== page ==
Does your website need rehab?


Here are 6 ways to tell if your website needs rehab.

  1. Ask yourself these questions. Does it have a goal? Is it useful and readable? Why would someone come to the site? Most people don’t go to a site because they just feel like sitting in front of a computer and reading about your company. Is your site full of in-house thinking? That simply means is it written for the people using it or is it written for your employees? Websites should use real words and not be filled with industry jargon.
  2. Does it identify you? Your site should:
  • Tell everyone about you – who you are, why they should listen
  • Be clear where the information is coming from
  • Be current and relevant – outdated information is a killer
  • Have a point of view – find a tone and style and stick with it

3. Great sites are scannable. Use bold type to highlight key points. Use lists and subheads to make information easily digested. Don’t underline anything that isn’t a link.

4. Write less text.

5. Downloads should be labeled appropriately. If it’s a PDF, mark it as such. If it’s a large document tell them before they initiate the download.

6. Interactivity is key. Use virtual tours. Add video. Use polls and surveys. Anything that draws the reader in and keeps them on your page is the key. Polls and surveys also give you quick information about what interests them and what you need to consider adding in the future. You can build future posts based on what your readers are telling you matters.

Just a few tweaks can help you create a website that draws readers in.

Is an E-newsletter for you?


A lot of people look at an electronic newsletter as the PDF version of their standard print newsletter. I think it needs to be more than that. Digital time is valuable time. If you are going to ask your readers to invest the time to read what you are saying, don’t make it just a repeat of something they already get.

They have signed up, given you their valuable email address and expect something for allowing you to fill up their in box.

Before you hit send on your next electronic issue, ask yourself some questions:

Why do you need it?

We have an evolving base of readers and customers. You must adjust what you do periodically to meet the needs of that changing demographic. Are you losing touch with the customers who contact or interact with you only through electronic channels? Are you making it convenient for them to get your information? With today’s mobile population, you’ve got to be where they are. Maybe a busy mom will open your newsletter while her kids are at soccer practice – does it function right on all kinds of devices?

Next you should determine how often you will deliver your information. Make sure you are consistent with this. You need to arrive on a regular schedule so your readers will know when to expect you. Make sure you don’t abuse fact they have allowed you in their inbox. Make what you send timely, relevant and entertaining.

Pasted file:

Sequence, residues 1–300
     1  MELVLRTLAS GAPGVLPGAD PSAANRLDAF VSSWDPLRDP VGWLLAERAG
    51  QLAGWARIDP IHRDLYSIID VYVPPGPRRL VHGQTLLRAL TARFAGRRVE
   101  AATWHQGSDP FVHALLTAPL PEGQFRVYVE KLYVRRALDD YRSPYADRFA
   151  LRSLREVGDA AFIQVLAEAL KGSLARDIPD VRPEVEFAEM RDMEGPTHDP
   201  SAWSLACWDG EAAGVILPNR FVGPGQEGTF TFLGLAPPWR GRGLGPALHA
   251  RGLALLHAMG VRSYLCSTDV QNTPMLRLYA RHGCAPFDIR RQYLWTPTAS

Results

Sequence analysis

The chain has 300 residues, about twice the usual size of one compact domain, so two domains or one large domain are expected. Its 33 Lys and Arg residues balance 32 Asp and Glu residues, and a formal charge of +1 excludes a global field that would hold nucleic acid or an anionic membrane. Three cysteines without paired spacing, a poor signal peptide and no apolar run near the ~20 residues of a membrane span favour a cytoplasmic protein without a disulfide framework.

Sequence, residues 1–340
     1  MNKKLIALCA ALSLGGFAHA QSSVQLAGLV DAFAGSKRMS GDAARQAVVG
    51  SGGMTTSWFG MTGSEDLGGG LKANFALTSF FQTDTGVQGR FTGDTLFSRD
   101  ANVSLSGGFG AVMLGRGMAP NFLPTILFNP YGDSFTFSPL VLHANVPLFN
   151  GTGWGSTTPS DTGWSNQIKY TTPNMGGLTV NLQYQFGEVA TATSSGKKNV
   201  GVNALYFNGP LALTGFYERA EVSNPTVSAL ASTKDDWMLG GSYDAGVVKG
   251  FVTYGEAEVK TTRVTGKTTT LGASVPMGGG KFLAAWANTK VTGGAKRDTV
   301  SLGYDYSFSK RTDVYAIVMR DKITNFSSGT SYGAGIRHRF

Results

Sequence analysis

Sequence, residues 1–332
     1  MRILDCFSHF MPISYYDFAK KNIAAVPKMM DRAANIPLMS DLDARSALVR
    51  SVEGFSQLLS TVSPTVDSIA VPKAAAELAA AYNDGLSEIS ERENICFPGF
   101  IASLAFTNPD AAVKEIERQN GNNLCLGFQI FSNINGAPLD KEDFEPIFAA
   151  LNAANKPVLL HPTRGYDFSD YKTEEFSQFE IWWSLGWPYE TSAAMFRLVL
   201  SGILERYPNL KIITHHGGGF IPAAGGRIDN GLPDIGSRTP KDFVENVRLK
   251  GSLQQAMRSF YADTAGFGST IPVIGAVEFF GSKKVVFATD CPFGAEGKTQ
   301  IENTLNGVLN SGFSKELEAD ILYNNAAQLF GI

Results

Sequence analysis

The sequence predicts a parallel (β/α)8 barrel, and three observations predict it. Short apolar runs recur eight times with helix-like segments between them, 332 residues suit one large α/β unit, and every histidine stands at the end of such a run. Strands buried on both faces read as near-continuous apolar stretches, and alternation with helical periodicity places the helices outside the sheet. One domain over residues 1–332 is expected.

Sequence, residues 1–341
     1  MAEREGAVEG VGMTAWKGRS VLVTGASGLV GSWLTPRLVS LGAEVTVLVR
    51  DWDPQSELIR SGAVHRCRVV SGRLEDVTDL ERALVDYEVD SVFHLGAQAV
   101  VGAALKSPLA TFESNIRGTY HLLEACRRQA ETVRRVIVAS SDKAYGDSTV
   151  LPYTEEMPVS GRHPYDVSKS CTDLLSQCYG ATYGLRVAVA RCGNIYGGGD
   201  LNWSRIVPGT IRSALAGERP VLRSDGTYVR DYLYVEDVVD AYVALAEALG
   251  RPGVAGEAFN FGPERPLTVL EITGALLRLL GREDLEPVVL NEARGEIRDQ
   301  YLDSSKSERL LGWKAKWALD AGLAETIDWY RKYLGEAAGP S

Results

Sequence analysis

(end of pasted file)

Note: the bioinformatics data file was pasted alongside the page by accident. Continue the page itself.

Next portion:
Make the sign-up process easy. Use a service like mail chimp to deliver your information. Services like this allows you to track the number of readers, shares, which information got the most views and how many email addresses were valid. Most importantly, don’t send them information they don’t ask for. Just because they give you their email, doesn’t mean you have the right to flood their mailbox. That’s called SPAM!


Is it time to rethink your writing?


What is your job as a communicator?

I’d say it’s to make the important information interesting enough to capture a reader’s attention.

People respond to your stories on three basic levels: 1) intellectually, 2) emotionally or 3) visually.

That’s where creativity comes into play. If you can get them to visualize the story you are telling or get them to imagine themselves in that situation or event, you’ll have a better chance at them remembering it and passing it along to someone else. People share stories, not facts.

Creativity also lets you enjoy your job more. It’ll make you a better seller and keep your customers coming back for more. It creates interest for the audience. By telling them a story in a different way, you increase the likelihood they will remember it.

Stories are better than numbers. People can relate to them and they find them more believable. That means your material is easier to understand. If you can bring difficult information to life for your readers it’ll make the material more meaningful.

So how can you bring this creativity to your writing?

First, dig for information. How are others presenting it? Are their facts you haven’t considered? Put it all down on paper and then brainstorm. How can you fit all the pieces together? Is there a way to tie the information into the everyday life of your reader? How can you make it relevant?

Still need more inspiration?

When you are writing, change the perspective. Reverse it. Instead of “how parent effect children” try it as “how children effect parents.” Show them the wrong way to get them thinking about the right way to do something. Change the who is doing the action. Change the when it happens. Make it bigger or make it smaller. What if an article about heart healthy nutrition started with the headline “How to kill your husband”? Bet you’d read the first paragraph to see what all the fuss was about.

Finally, focus on new combinations. Look for everyday events as inspiration. How can you use daily activities to create topics that draw your readers in? What problems can you solve for them? What’s making headlines? What’s trending? If you can piggyback a topic or trend, you can use that to draw readers into you blog or publications.